Umicore also believes that if there is to be a type of incentivization or expanded scheme of grants and subsidies coming from the EU, they should be linked to sustainability and reward investments that create more sustainability. An example of possible incentivization could be the top 40% of companies delivering battery materials, in terms of scope 3 CO2 emission performance, should be eligible for beneficial tax treatment or other types of incentives, Miedreich said.

Shaping the future

Umicore’s philosophy has changed in the past three years under Miedreich’s leadership. "In my view, you must always think that you do not have the right battery technologies today and you have constantly to work to bring new batteries. The question is what the battery technology of the future is, what is the one to bet on. Once you decide that then you must build your ecosystem around that," he said.

Umicore’s approach to future battery technologies has transitioned from a passive approach where the company was listening to what cell makers wanted, to a more proactive or even aggressive approach where the company is constantly trying to introduce new technologies to the market, to solve problems for its customers, Miedreich said.

For example, Umicore has launched a high lithium manganese (HLM) technology that replaces nickel with manganese. HLM has only a third of the nickel content of traditional nickel manganese cobalt (NMC) battery technology, Miedreich said. HLM offers a better total cost of ownership than lithium iron phosphate (LFP), a technology currently used for its lower costs in the low-range segment of the EV market and is popular in China, according to Miedreich. HLM also offers longer driving ranges than LFP, equivalent safety, much more reliable state-of-charge monitoring and better recyclability, according to Umicore.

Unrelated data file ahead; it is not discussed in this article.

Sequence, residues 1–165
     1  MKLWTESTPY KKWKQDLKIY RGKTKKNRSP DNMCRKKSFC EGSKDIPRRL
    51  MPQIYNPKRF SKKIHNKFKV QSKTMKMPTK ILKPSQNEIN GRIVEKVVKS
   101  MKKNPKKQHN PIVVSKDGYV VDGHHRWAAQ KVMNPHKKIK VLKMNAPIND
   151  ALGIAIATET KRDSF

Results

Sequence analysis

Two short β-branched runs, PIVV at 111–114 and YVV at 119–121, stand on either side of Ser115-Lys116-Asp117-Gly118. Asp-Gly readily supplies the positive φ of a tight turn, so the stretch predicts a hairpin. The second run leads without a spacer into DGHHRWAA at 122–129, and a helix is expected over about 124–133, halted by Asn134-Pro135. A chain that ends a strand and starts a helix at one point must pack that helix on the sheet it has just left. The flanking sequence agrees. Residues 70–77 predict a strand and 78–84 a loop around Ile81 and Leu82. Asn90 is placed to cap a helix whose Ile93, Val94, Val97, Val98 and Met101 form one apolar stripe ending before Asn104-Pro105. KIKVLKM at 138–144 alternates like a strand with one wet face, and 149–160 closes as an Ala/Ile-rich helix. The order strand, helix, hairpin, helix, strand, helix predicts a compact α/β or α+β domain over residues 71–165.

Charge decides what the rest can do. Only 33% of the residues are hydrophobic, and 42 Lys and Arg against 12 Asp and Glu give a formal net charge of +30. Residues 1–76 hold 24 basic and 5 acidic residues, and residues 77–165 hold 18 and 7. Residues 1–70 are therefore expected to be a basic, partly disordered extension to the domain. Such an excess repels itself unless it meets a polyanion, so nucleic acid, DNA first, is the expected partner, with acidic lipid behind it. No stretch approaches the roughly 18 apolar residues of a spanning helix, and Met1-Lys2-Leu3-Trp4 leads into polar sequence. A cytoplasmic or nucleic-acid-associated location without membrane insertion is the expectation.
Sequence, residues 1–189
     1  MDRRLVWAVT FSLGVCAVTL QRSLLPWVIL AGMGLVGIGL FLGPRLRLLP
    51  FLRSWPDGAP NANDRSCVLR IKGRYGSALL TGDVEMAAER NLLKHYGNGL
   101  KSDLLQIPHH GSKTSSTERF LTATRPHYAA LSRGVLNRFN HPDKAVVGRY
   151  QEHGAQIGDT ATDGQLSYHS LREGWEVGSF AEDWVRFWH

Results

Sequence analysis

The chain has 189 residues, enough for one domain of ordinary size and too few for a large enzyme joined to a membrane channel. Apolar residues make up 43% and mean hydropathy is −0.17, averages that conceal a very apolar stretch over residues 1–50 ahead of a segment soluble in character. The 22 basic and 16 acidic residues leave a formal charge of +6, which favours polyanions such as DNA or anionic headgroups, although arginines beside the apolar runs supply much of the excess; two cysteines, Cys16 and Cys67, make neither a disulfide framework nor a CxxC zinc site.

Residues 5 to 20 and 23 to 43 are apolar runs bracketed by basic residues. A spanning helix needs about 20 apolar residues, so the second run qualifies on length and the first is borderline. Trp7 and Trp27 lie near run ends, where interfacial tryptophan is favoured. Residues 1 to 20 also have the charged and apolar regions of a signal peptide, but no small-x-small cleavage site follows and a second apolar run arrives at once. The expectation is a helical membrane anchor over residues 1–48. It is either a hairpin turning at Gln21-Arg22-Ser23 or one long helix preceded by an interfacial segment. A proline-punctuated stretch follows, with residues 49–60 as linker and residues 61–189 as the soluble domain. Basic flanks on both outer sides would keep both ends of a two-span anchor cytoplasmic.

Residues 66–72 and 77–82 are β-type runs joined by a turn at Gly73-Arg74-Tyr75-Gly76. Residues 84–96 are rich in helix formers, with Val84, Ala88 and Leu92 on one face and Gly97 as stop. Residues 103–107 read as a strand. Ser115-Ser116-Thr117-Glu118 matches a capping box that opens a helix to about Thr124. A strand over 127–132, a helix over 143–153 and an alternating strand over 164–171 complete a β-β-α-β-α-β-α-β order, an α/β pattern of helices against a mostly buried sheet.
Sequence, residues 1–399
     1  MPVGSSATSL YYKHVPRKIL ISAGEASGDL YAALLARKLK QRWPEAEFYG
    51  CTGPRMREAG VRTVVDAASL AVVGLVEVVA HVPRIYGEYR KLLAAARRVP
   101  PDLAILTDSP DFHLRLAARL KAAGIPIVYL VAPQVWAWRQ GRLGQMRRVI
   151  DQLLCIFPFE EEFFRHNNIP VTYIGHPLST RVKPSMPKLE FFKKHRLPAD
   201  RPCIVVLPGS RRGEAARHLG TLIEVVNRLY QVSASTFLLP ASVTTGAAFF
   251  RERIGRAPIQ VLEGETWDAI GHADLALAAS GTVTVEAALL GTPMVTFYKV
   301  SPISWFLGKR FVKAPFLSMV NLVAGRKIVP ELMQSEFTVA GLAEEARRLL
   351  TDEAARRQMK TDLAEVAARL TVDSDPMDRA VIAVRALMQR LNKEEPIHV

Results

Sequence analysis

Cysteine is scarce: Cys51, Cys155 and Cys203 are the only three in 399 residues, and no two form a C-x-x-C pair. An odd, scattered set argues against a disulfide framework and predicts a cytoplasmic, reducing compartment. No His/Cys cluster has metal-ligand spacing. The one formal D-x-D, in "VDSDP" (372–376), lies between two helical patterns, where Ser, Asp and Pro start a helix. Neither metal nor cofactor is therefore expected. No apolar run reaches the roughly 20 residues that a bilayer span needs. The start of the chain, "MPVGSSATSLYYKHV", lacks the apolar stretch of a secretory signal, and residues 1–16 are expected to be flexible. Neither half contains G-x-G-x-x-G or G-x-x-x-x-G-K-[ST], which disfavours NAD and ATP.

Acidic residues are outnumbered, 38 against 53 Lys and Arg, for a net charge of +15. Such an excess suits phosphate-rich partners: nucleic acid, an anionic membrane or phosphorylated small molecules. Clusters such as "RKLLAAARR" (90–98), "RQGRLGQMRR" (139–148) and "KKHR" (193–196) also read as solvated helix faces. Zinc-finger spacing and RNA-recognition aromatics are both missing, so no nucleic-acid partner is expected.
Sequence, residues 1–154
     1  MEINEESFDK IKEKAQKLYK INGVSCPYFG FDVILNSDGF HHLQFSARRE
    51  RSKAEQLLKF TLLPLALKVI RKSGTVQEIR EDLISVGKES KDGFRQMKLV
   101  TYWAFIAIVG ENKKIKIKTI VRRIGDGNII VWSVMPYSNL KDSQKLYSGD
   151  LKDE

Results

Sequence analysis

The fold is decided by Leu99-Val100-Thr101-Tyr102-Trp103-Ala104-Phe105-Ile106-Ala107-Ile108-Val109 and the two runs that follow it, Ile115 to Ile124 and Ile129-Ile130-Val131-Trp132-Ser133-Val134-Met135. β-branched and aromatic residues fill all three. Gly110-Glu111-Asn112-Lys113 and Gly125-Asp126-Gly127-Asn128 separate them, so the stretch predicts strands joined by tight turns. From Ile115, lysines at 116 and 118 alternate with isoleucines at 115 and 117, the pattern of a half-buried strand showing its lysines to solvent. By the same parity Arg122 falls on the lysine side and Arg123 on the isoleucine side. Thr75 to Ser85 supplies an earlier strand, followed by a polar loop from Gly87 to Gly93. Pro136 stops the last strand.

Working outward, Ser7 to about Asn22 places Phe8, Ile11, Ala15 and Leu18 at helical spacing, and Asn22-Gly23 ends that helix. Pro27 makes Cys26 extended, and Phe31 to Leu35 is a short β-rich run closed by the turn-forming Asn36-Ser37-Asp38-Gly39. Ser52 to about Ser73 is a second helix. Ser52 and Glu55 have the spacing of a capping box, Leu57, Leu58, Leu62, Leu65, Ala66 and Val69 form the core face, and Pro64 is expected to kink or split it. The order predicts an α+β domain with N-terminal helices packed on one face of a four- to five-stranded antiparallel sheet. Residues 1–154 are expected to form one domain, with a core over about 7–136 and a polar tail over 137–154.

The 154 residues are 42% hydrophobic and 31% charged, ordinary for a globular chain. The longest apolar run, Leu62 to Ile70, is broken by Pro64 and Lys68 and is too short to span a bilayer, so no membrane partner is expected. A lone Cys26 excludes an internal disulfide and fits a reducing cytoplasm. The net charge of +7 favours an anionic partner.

"We are now developing our HLM with five or six different customers and we will be ready to go in mass production in 2026, but we are also working on solid-state battery materials," Miedreich said.

Safety is the main reason automotive original equipment manufacturers (OEMs) want to implement solid-state batteries in EVs, according to Miedreich. "Solid-state batteries are safer than conventional lithium-ion batteries because they do not have any liquids. If you take a scissor, for example, and cut into the battery, nothing will happen, but if you were to do that to a Li-ion battery, such as that of a smartphone, there would be a thermal event," he said.

Umicore has also recently joined forces with Idemitsu Kosan Co., Ltd., a leader in electrolytes, to develop a new battery material called catholyte. Catholytes are a combination between electrolytes and cathodes in nonmetallurgical chemistry and can be a game changer in terms of power density for solid-state batteries, Miedreich said.

"In addition, we are working on some more future-looking technologies such as the sodium-ion technology, which replaces the expensive and rare lithium with sodium that can be found abundantly everywhere in the world. We are working extremely hard on this technology that will probably be more relevant in the second half of the decade going toward 2030," Miedreich said.

For the development of all these different technologies, the large network of partners the company works with at research institutes, universities and other technology companies plays an important role, Miedreich told CW. "I believe that the company with the best ecosystem in that environment will be the winning company. The strategy we are rolling out with our partners is that it is not so much about yourself because the task is simply too big," he said.

Fuel cell catalysts, battery recycling